As a final note, Ultima was one of the first games to have you control one specific character, the Avatar, which you create. The other characters already exist with pre-determined roles and personalities, and can be engaged for conversation. This has become the default mode for party-based games these days, but it was rare in that era, where you rolled an entire party yourself, or occasionally played pre-determined characters.

Technology & Interface: Ultima was also at the forefront of technical innovation. Its graphics and sound were consistently among the best available at the time. The games helped usher in the age of the mouse, especially with Ultima VII, one of the first games with an interface optimized for that instead of keyboard. Gone were piles of menus and stat bars. Instead you had a game whose gorgeous world and characters took up the whole screen. Click on something to interact with it.

It seems so obvious now, but Ultima VII was one of the most important games in removing a level of abstraction from how players interacted with their games. This has become one of the most important trends in gaming in the last decade. Consider how many shooters don't have health bars or stats at all, instead showing the player they're in danger via blood on the screen or intense heartbeat sound – and consider how Ultima VII was doing that 20 years ago.

That's not all, of course. Ultima Underworld was one of the first games to offer three-dimensional movement, being developed and released parallel to Wolfenstein 3D. Its form became the model for one of Ultima's most direct successors, the Elder Scrolls series. And Ultima Online, the game the name has been the most famous for in the past 15 years, was the first massively multiplayer game.

Business: A prominent independent developer is purchased by a major publisher. Everything seems to be going great at first – the games are as good as they were but with bigger budgets. But suddenly, they collapse. What made the games interesting is lost by corporate medding, and what made the games great is buried under a pile of bugs caused by rushing to meet a shipping date. Is this BioWare, EA, and Dragon Age II? Nah, this is Origin Systems, EA, and Ultima VIII, one of the biggest disasters in gaming history. It didn't take long after that for the studio to be gutted, with Ultima quickly losing its cachet as the premiere series in gaming, instead simply becoming synonymous with the on-going Ultima Online. A half-hearted finale, Ultima IX: Ascension, was released in 1999.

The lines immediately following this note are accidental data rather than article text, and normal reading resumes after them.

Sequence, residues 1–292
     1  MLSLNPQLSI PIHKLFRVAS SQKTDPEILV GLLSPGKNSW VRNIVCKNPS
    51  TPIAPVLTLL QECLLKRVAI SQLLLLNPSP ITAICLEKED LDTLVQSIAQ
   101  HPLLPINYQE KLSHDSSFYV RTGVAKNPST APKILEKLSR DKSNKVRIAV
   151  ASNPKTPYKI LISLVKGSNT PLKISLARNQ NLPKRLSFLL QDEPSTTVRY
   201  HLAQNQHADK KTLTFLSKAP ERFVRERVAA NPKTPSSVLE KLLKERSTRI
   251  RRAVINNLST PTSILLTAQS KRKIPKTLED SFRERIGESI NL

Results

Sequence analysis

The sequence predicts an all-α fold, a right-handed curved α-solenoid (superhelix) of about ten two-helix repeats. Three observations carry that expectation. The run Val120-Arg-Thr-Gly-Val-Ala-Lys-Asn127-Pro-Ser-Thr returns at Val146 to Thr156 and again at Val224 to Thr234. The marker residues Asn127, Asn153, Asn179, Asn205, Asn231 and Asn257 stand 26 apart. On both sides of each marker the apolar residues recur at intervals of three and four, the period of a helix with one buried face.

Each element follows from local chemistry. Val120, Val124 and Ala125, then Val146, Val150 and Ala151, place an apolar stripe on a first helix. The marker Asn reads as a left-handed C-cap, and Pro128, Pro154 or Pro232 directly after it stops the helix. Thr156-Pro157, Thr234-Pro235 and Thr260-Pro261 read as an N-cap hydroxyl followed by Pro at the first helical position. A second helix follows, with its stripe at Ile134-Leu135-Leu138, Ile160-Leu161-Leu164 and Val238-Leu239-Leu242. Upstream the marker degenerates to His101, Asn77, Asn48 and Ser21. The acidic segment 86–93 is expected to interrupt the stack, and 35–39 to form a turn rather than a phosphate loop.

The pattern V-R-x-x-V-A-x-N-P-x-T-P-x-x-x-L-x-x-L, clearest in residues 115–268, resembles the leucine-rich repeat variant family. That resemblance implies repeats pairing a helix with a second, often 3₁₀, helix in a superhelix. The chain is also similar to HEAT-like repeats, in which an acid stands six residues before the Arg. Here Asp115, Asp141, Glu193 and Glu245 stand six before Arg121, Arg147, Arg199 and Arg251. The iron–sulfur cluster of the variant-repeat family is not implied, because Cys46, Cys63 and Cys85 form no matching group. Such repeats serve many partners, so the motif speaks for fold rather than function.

That Ultima is no longer a top-selling series in the current generation of games has caused it to slip out of the public consciousness. But no other series in gaming history has been so important across so many different dimensions of gaming. Final Fantasy and Zelda may be longer-lasting, but influence outside of their genres is rare. Mario can compete, perhaps, but in my view, Ultima's innovation in storytelling and character building push it over the top. I have no hesitation in saying that Ultima is the greatest series in video game history.

If you've never played an Ultima, there are several entryways, many of which are at Good Old Games. Ultima IV, the most important title in the series, is even available for free, but it's not aging well and probably isn't the best gateway for new players. I'd recommend Ultima VII as a starting point, although Ultima VI is my personal favorite. There are also dozens of fan remakes and ports. And no, I don't recommend starting from the very beginning.

Coming Soon: Questing rhythm in New Vegas, the question of morality, my first foray into The Witcher, and what Lands Of Lore & Betrayal At Krondor have in common with Final Fantasy.

Rowan Kaiser is a freelance writer currently living the Bay Area, who also writes for The A.V. Club, and has been published at Salon, Gamasutra, Kotaku, and more. He still occasionally finds Ultima VI Moongate maps and mantra notes when he visits his parents' house. Follow him on Twitter @rowankaiser.